# How to draw geometric Brownian motions in tikz/pgf

I am trying to replicate this excellent answer which explains how to draw Brownian motions in TiKZ:

\newcommand{\Lathrop}[6]{% points, advance, rand factor, options, end label, truncate from point
\draw[#4] (0,0)
\foreach \x in {1,...,#6} {
-- ++ (#2,rand*#3)
}
coordinate (tempcoord) {};
\pgfmathsetmacro{\remainingwidth}{(#1-#6)*#2}; % changed to a custom number
\def\remainingwidthcustom{1};
\draw[#4] (tempcoord) -- ++ (\remainingwidthcustom,0) node[right] {#5};
}

\begin{tikzpicture}
\def\ylength{3}
\pgfmathsetseed{3} % control pseudo-random number

% Axis
\coordinate (y) at (0,3); \coordinate (x) at (6,0);
\draw[<->] (y) node[above] {$S$} -- (0,0) --  (x) node[right] {$\mathbb{N}$};

% Brownian motion
\Lathrop{750}{0.02}{0.21}{blue!70!black}{strike price $S_N$}{250};

\end{tikzpicture}


My problem is that I cannot change it to the geometric Brownian motion for two reasons:

1. I cannot get exponential function via pgfmathparse
2. I do not fully understand the syntax inside the \foreach \x-loop.

Any help is appreciated.

• For background: en.wikipedia.org/wiki/Geometric_Brownian_motion Commented Jan 4, 2023 at 9:47
• IIRC, to generate an exponential random variable from [0,\infty) you compute -ln(1-x) where x is a uniform random varaible over [0,1). Commented Jan 4, 2023 at 16:02

I used the function defined by Mark Wibrow (see Gaussian random numbers) to obtain a Gaussian random number and then draw the geometric Gaussian motions with different variance values based on those Gaussian random numbers.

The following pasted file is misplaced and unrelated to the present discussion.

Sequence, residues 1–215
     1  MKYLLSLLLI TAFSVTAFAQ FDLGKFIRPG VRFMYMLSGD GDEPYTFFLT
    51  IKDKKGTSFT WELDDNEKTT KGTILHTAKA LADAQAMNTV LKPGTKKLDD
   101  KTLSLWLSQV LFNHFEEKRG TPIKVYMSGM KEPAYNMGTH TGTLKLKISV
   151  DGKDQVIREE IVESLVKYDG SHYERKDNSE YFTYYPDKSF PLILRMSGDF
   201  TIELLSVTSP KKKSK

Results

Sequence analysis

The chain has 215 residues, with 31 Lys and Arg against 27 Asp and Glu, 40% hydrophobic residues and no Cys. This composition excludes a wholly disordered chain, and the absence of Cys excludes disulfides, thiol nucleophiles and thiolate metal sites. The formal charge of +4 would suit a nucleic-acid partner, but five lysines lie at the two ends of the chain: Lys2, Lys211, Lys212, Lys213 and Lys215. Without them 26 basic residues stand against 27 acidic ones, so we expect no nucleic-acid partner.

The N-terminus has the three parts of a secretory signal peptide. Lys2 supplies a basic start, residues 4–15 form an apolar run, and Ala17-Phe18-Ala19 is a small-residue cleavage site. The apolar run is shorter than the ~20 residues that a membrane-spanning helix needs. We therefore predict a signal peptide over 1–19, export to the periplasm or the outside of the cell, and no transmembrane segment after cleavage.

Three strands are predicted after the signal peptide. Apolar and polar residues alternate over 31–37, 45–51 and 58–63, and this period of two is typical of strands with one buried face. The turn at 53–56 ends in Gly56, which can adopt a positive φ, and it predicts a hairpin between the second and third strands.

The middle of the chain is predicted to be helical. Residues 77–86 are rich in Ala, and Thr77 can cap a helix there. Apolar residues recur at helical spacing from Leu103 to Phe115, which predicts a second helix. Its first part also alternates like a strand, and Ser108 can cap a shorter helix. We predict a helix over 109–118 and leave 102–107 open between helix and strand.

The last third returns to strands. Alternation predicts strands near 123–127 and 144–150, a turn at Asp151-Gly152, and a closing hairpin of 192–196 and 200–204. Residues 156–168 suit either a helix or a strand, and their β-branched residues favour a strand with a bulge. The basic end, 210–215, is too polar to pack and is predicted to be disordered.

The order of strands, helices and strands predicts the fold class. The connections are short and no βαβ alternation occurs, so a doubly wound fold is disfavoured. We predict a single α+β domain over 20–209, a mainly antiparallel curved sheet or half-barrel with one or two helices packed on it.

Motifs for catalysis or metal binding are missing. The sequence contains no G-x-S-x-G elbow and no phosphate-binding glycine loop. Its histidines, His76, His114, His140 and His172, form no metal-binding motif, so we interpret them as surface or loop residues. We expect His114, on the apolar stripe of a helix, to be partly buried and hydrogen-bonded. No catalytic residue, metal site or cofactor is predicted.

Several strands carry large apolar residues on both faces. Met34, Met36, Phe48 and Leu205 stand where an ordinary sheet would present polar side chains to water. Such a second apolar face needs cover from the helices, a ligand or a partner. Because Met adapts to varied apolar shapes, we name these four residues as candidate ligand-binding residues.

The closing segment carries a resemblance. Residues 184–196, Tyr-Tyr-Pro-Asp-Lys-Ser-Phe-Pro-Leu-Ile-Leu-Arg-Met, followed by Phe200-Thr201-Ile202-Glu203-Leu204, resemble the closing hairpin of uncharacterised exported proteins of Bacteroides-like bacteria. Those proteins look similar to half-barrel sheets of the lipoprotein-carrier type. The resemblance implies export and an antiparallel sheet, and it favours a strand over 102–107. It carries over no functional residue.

The code

\documentclass[11pt, margin=.5cm]{standalone}
\usepackage{tikz}
\usetikzlibrary{math}

%% Mark Wibrow's code
\newcount\gaussF
\edef\gaussR{0}
\edef\gaussA{0}

\makeatletter
\pgfmathdeclarefunction{gaussR}{0}{%
\ifodd\gaussF
\pgfmathrnd@%
\ifdim\pgfmathresult pt=0.0pt\relax%
\def\pgfmathresult{0.00001}%
\fi
\pgfmathln@{\pgfmathresult}%
\pgfmathmultiply@{-2}{\pgfmathresult}%
\pgfmathsqrt@{\pgfmathresult}%
\pgfmathrnd@%
\pgfmathmultiply@{360}{\pgfmathresult}%
\global\let\gaussA=\pgfmathresult%angle
\pgfmathcos@{\pgfmathresult}%
\pgfmathmultiply@{\pgfmathresult}{\gaussR}%
\else
\pgfmathsin@{\gaussA}%
\pgfmathmultiply@{\gaussR}{\pgfmathresult}%
\fi
}

\pgfmathdeclarefunction{invgauss}{2}{%
\pgfmathln{#1}% <- might need parsing
\pgfmathmultiply@{\pgfmathresult}{-2}%
\pgfmathsqrt@{\pgfmathresult}%
\pgfmathmultiply{6.28318531}{#2}% <- might need parsing
\pgfmathdeg@{\pgfmathresult}%
\pgfmathcos@{\pgfmathresult}%
}

\pgfmathdeclarefunction{randnormal}{0}{%
\pgfmathrnd@
\ifdim\pgfmathresult pt=0.0pt\relax%
\def\pgfmathresult{0.00001}%
\fi%
\let\@tmp=\pgfmathresult%
\pgfmathrnd@%
\ifdim\pgfmathresult pt=0.0pt\relax%
\def\pgfmathresult{0.00001}%
\fi
\pgfmathinvgauss@{\pgfmathresult}{\@tmp}%
}

\begin{document}
\tikzmath{%
real \m, \s, \xBound, \yBound, \v0;
\xBound = 3.5;
\yBound = 7;
\m = 1;
\v0 = .2;
function GBM(\t, \ini, \s) { % argument, initial value, standard deviation
return {\ini*exp((\m -\s*\s/2)*\t +\s*randnormal/10))};
};
}
\begin{tikzpicture}[xscale=2]
\draw[gray, ->] (-.5, 0) -- (\xBound +.5, 0);
\draw[gray, ->] (0, -1.2) -- (0, \yBound);

\foreach \s/\rgb in {.2/black, .5/violet, .7/blue,
.9/green!70!black, 1.2/orange, 1.7/red}{%
\draw[\rgb, thick] (0, \v0)
\foreach \t in {.05, .1, ..., \xBound}{%
-- (\t, {GBM(\t, \v0, \s)})
};
}
\end{tikzpicture}

\end{document}